This function must be stationary at the optimum point. Therefore its first derivatives wrt and must be zero:
This leads to a system of two linear equations with the two unknowns and :
These two equations may be rewritten as follows:
This equation simply means that the vector connecting the two optimum points is perpendicular to both lines AC and BD. Finally, after resolution of the system of equations and various substitutions, on finds the origin of coordinate system at:
In Nastran, for 3D elements, the definition of the local element coordinate system is a little tricky, and it is not easy to interpret the information found in the reference manuals. One provides here the interpretation that has been used to build the coordinate systems of 3D elements in FeResPost.
The first step of the local element construction is to build three vectors R, S and T related to the geometry of the element. The way those three vectors are constructed depends on the 3D element that is being constructed. Then the R, S and T vectors are used to build a local Cartesian coordinate system. In Nastran Quick Reference Guide [Sof04b], on gives the following explanation for the CTETRA element:
The element coordinate system is chosen as close as possible to the R, S, and T vectors and points in the same general direction. (Mathematically speaking, the coordinate system is computed in such a way that, if the R, S, and T vectors are described in the element coordinate system, a 3x3 positive definite symmetric matrix would be produced.)In FeResPost, one makes the assumption that this information is also true for the other 3D elements CHEXA and CPENTA. One gives here the mathematical development that leads us to the definition of local coordinate system.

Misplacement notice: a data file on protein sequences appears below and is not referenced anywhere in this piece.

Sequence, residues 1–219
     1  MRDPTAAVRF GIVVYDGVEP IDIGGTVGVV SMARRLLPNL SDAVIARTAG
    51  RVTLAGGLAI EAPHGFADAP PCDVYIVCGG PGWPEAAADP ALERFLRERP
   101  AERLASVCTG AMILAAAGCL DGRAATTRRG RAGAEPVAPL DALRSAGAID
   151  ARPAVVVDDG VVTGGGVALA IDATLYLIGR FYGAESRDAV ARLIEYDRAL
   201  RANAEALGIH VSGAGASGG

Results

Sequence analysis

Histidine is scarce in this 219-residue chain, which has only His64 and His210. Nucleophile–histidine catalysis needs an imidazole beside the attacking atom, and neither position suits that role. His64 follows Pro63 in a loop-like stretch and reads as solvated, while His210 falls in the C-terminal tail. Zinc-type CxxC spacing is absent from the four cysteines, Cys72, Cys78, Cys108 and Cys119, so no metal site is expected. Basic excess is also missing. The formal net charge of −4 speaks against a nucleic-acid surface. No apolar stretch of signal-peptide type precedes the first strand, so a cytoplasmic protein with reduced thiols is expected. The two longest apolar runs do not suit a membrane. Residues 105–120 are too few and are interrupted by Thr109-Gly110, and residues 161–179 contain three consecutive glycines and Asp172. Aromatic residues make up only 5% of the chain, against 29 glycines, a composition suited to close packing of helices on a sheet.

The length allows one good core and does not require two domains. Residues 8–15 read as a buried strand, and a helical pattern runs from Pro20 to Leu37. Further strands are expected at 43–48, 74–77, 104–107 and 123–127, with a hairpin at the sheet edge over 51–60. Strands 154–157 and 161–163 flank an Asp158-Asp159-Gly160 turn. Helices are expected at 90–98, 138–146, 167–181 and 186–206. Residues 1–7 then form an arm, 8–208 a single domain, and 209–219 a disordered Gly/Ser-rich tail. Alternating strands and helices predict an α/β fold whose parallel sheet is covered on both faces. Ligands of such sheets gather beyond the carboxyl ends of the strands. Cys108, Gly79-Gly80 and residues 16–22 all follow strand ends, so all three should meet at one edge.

First, let us introduce the notations: , , . So the element coordinate system is and the three vectors R, S and T are denoted . Then one defines with matrix corresponding to the description of vectors on the base . One has:
The above statement is equivalent to state that matrix must be symmetric. So the problem reduces to ``find three base vectors such that:
Note also that this condition makes us think to the polar decomposition theorem that states that a positive definite tensor can be decomposed in the product of an orthogonal tensor and a pure symmetric positive definite tensor. This means that any deformation of a continuum medium can be decomposed in a rigid rotation and a pure deformation. One is actually interested in the rigid rotation that can be expressed by its rotation vector (see section X.B.3). So considering an initial set of base vectors and the three vectors provided as data, one must find the three components of the vector such that the new base vector obtained with equation (X.B.1) satisfy the relation
Substituting the two previous expressions in (X.B.2), one obtains successively:
Vectorial and tensorial components of Results are sometimes expressed in coordinate systems related to material properties. Of course, this is also the case when laminated properties are attributed to the elements. Then, three different coordinate systems can be used: ``plyCS'', ``lamCS'' and ``matCS''.
When vectorial or tensorial Results on composite elements are imported, they are expressed:
When one modifies the reference coordinate system of a Result, the components are actually modified according to the rules presented in Table X.B.1.